Concerns over standards of medical care in nursing homes have a long pedigree. In an account published in 1797, Sir Frederick Morton Eden noted that when Oxford’s Board of Guardians inspected the workhouse, they criticised it heavily ‘as the very reverse of what they conceived a house of industry ought to be… no regular wards appropriated to the sick aged or infirme [1]’. Equally, it was noted in 1794 that ‘the conduct of work-houses in general, those receptacles of the old and the infirm, of widows and orphans; which, though capable under proper management of answering many excellent ends, too often become scenes of misery to the aged’ [2]. While the intervening centuries have brought a modicum of improvement, usually after crises or scandals, such as occurred in the USA [3] and Ireland [4], it is fair to say that the quality of healthcare provision in nursing homes across the globe is not routinely congruent with the complexity of care needs of residents or the advances of modern geriatric medicine and gerontological nursing. Even within these disciplines, the degree of research and reflection has been modest and relatively recent [5], perhaps indicating the challenge of prioritising the many diverse health needs of an ageing population across the spectrum of health services, or possibly a professional echo of the low political salience of quality of care in nursing homes. Regulation and routine measurement of quality measures such as those provided by the internationally validated interRAI [6] are important developments but are not sufficient to assure quality of care or professional engagement in nursing home care [7]. While geriatricians have made efforts to promote higher standards through their professional bodies, as exemplified by the leadership of the British Geriatrics Society in the United Kingdom [8] or the European Union Geriatric Medicine Society [9], it has been increasingly clear that improvement in medical care requires a broader palette of action and strategic efforts to influence official and public perception of meeting care needs in nursing homes. One strategic point of engagement is to provide more focussed and realistic advice to those commissioning medical care in nursing homes, as described by one of the most dynamic group of researchers on nursing home care in the United Kingdom in this issue (ref). The key strength of the approach used by the authors is their inclusion of the broad range of stakeholders involved in service delivery within nursing homes, including residents, relatives, care home staff, community nurses, allied health professionals and general practitioners. What is notable about their findings is the degree to which they provide a template for a broader action on developing better care, in particular the task of generating a focus that legitimises and values work with nursing homes and the emphasis on relational working between practitioners. Up to now, initiatives in quality improvement have largely been developed within individual professional organisations. In a world where gerontological expertise remains scarce, it is vital that there is more joined-up thinking between the healthcare professions involved in nursing home care. From the medical perspective, linkage between family doctors (who provide the majority of medical care in nursing homes across the globe (EUGMS survey, data on file)), geriatricians and old age psychiatrists must become a priority so as to provide guidance on core competencies and optimal liaison between these specialities and other health and social care professionals. The institution of a more formalised cadre of nursing home physicians has developed in the Netherlands, and to a lesser extent in the United States [10], but it is troubling to note the paucity of formal collaboration between the professional organisations of nursing home physicians and geriatricians in these countries. A more telling absence in initiatives to date is that of gerontological nursing, a key stakeholder whose global development has been variable to the point that it is one of the few nursing specialisms that does not have a European professional organisation. It is striking that the literature on nursing in nursing homes frequently mentions the importance of developing expertise in palliative and dementia care, but rarely that of gerontology, a knowledge base which incorporates elements of all three competencies [11]. Gerontological nurses are best placed to promote the education and training of other staff, such as care assistants, that is critical to the development of person-centred care [12]. Nurturing, formalising and mainstreaming the contribution of gerontological nursing should be a central goal of future projects to improve healthcare in nursing homes. There is also a need for the caring professions to use the principles outlined by the authors to further develop joint working with organisations representing older people, whose initiatives in quality of long-term care have generally been prepared without engagement with the geriatric medicine and gerontological nursing [13]. The exemplary lead by the British Geriatrics Society in its work with Age UK on frailty provides a potential template for joint action [14]. This not only engaged the national advocacy organisation for older people with a key concept of age-related disability but also reshaped terminology and responses to frailty for healthcare professionals in manner appropriate and acceptable to those who are most affected, older people. For geriatricians, all such developments will also require a collective reflection on our perceptions of the worth, status and rewards of working in nursing homes as a core element of the portfolio of services needed by older people. The low profile of nursing home care in our literature and scientific conferences suggests that we harbour ambivalence about such engagement, and we need to more openly discuss how to support and structure this care within geriatric medicine and its increasing array of sub-specialisations in geriatric medicine. Given that this is a global issue, much can be learned also from an outward-looking perspective to learn from successful initiatives integrating hospital-based geriatrics with nursing home in other jurisdictions [15] or evolving international special interest groups, such as that for long-term and nursing home care in the European Union Geriatric Medicine Society http://www.eugms.org/research-cooperation/special-interest-groups/long-term-care.html. The history of the progress of geriatric medicine suggests that this combination of inward and outward reflection will synergise with the inherent cautious optimism and counter-cultural activism of the discipline to improve care in a service that a significant minority of us too will avail of in due course. Key points Medical care in nursing homes does not routinely match developments in geriatric medicine and gerontological nursing. Improvement in medical care requires a broader palette of reflection, action and strategic advocacy. Nurturing, formalising and mainstreaming the contribution of gerontological nursing should be a central goal of future strategy. Geriatricians should reflect on our perceptions of the worth, status and rewards of working in nursing homes. Conflict of interest None. Funding None. References 1 Eden FM . The State of the Poor: or, an History of the Labouring Classes in England, from the Conquest to the Present Period. London: printed by J. Davis, for B. & J. White; G. G. & J. Robinson; T. Payne; R. Faulder; T. Egerton; J. Debrett; and D. Bremner, 1797 . 2 Gisborne T . An enquiry into the duties of men in the higher and middle classes of society in Great Britain, resulting from their respective stations, professions, and employments . London: printed by J. Davis, for B. and J. White ; 1794 . 3 Eskildsen M , Price T . Nursing home care in the USA . Geriatr Gerontol Int 2009 ; 9 : 1 – 6 . Google Scholar CrossRef Search ADS PubMed 4 O’Keeffe S . After Leas-Cross: is now the time for restraint? Ir Med J 2007 ; 100 : 453 . Google Scholar PubMed 5 Bowman C , Johnson M , Venables D , Foote C , Kane RL . Geriatric care in the United Kingdom: aligning services to needs . Br Med J 1999 ; 319 : 1119 – 22 . Google Scholar CrossRef Search ADS 6 Kehyayan V , Hirdes JP , Tyas SL , Stolee P . Predictors of long-term care facility residents’ self-reported quality of life with individual and facility characteristics in Canada . J Aging Health 2016 ; 28 : 503 – 29 . Google Scholar CrossRef Search ADS PubMed 7 Wiener JM . An assessment of strategies for improving quality of care in nursing homes . Gerontologist 2003 ; 43 : 19 – 27 . Google Scholar CrossRef Search ADS PubMed 8 Royal College of Physicians, Royal College of Nursing, British Geriatrics Society. The Health and Care of Older People in Care Homes . A Comprehensive Interdisciplinary Approach. A Report of a Joint Working Party . London : Royal College of Physicians , 2000 . 9 Briggs R , Holmerová I , Martin F , O’Neill D . Towards standards of medical care for physicians in nursing homes . Eur Geriatr Med 2015 ; 6 : 401 – 3 . Google Scholar CrossRef Search ADS 10 Ryskina KL , Polsky D , Werner RM . Physicians and advanced practitioners specializing in nursing home care, 2012-2015 . J Am Med Assoc 2017 ; 318 : 2040 – 2 . Google Scholar CrossRef Search ADS 11 Canavan M , O’Neill D . Palliative care for older people in nursing homes . Ir Med J 2010 ; 103 : 165 – 6 . Google Scholar PubMed 12 Shannon K , McKenzie-Green B . Current role challenges in New Zealand aged residential care: the potential consequences for healthcare assistant role expansion . Contemp Nurse 2016 ; 52 : 140 – 51 . Google Scholar CrossRef Search ADS PubMed 13 AGE Platform Europe . European Quality Framework for Long-term Care Services: Principles and Guidelines for the Wellbeing and Dignity of Older People in Need of Care and Assistance . Brussels : AGE Platform Europe , 2012 . 14 Turner G , Clegg A . Best practice guidelines for the management of frailty: a British Geriatrics Society, Age UK and Royal College of General Practitioners report . Age Ageing 2014 ; 43 : 744 – 7 . Google Scholar CrossRef Search ADS PubMed 15 Romskaug R , Wyller TB . [Nursing homes medicine meets hospital geriatrics] . Tidsskr Nor Laegeforen 2012 ; 132 : 398 – 9 . Google Scholar CrossRef Search ADS PubMed © The Author(s) 2018. Published by Oxford University Press on behalf of the British Geriatrics Society. All rights reserved. For permissions, please email: journals.permissions@oup.com This article is published and distributed under the terms of the Oxford University Press, Standard Journals Publication Model (https://academic.oup.com/journals/pages/about_us/legal/notices)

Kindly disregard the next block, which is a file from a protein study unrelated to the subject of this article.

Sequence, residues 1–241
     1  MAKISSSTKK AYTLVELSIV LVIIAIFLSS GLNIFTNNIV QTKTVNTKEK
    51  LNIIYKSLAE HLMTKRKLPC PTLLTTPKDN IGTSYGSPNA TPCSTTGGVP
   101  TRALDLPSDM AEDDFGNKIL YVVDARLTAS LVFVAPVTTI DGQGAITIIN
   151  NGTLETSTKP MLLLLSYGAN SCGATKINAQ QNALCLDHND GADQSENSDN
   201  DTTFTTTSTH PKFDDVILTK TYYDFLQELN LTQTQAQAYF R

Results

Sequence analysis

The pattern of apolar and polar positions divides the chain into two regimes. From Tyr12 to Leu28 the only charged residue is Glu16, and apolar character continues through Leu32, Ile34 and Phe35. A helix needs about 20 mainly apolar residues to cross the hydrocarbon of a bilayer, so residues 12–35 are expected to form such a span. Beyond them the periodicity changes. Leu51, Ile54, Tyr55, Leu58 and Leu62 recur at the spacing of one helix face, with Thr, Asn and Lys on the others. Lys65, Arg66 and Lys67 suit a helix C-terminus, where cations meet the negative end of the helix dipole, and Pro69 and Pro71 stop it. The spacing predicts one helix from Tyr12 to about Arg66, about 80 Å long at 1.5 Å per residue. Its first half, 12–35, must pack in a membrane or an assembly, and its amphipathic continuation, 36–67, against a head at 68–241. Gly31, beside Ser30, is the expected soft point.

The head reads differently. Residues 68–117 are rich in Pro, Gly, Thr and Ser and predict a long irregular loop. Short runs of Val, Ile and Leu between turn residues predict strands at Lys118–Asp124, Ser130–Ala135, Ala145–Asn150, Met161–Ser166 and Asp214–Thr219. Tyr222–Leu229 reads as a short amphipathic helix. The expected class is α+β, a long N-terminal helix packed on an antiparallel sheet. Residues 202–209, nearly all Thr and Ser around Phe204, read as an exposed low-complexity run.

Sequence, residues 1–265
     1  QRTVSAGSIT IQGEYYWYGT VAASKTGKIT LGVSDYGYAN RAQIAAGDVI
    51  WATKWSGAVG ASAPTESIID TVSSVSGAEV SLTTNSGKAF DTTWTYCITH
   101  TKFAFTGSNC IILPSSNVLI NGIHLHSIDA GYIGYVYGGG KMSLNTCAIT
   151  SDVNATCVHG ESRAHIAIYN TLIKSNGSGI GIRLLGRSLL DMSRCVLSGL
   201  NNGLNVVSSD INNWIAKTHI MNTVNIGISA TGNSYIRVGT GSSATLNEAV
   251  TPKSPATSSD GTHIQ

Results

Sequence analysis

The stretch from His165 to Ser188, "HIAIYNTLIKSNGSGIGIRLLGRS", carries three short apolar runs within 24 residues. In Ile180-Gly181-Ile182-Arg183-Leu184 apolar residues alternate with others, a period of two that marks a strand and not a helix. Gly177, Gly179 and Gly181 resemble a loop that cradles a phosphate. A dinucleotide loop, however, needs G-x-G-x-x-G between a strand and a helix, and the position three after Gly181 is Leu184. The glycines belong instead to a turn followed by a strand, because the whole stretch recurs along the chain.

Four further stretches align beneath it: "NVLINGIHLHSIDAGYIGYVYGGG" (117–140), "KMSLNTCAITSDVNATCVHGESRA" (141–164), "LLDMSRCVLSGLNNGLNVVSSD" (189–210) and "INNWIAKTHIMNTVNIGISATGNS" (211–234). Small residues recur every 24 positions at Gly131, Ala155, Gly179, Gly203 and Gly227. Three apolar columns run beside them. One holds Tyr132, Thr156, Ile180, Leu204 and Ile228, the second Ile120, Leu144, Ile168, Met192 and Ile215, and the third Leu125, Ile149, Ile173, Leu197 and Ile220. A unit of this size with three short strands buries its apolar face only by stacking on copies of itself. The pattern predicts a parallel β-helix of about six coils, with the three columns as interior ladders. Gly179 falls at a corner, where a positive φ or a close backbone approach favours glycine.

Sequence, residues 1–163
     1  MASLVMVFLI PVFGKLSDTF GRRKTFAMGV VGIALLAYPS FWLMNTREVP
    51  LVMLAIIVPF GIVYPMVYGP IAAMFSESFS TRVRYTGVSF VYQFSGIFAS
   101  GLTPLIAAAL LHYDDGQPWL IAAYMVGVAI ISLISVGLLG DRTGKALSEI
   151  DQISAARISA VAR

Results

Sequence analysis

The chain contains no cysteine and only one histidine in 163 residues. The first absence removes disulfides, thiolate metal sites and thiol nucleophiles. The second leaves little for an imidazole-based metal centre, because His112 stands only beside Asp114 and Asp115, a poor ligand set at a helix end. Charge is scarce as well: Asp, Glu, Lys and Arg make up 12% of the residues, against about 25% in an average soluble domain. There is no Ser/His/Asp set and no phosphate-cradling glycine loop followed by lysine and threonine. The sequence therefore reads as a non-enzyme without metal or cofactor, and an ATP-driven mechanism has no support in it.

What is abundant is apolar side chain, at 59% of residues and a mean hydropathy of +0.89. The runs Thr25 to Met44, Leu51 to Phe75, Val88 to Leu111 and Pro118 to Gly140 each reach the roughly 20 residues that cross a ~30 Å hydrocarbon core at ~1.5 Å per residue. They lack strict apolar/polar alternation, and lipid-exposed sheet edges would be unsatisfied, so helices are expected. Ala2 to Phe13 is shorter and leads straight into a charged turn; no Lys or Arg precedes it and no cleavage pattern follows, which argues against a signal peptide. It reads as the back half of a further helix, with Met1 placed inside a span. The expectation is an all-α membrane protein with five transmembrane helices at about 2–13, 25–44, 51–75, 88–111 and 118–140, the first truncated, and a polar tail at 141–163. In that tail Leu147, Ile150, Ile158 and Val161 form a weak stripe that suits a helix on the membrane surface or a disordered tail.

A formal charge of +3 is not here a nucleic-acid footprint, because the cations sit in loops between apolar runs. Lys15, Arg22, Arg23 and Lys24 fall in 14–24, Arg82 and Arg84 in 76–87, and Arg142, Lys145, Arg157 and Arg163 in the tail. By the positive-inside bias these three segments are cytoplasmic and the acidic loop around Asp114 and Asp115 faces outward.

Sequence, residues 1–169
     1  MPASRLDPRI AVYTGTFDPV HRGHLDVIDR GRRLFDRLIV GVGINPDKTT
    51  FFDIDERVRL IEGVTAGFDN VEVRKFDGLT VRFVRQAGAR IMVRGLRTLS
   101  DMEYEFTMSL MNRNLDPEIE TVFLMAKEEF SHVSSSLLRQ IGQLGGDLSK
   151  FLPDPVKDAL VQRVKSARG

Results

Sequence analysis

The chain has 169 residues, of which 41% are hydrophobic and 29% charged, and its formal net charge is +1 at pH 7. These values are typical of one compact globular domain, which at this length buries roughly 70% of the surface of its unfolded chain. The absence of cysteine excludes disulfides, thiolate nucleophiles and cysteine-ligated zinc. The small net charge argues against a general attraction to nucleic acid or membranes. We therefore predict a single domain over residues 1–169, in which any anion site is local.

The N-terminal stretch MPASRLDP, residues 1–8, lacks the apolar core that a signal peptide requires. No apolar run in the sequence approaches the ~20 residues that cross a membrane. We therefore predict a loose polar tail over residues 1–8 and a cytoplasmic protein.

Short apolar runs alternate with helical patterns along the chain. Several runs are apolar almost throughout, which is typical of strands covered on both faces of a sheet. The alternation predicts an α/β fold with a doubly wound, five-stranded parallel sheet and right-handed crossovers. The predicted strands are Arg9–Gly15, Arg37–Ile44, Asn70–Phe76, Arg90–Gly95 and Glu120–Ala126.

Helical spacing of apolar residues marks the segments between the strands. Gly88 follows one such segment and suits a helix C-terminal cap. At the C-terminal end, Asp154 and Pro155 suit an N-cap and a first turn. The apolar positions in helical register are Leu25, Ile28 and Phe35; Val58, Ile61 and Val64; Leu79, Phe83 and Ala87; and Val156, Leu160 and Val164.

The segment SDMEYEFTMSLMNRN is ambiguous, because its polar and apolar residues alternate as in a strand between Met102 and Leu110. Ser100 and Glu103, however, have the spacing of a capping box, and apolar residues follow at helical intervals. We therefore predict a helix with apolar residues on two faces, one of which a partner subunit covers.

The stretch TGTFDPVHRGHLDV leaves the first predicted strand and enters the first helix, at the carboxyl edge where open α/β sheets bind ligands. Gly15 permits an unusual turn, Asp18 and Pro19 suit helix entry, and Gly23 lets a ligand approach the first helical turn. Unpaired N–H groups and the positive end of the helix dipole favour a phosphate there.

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Age and AgeingOxford University Press

Published: Apr 24, 2018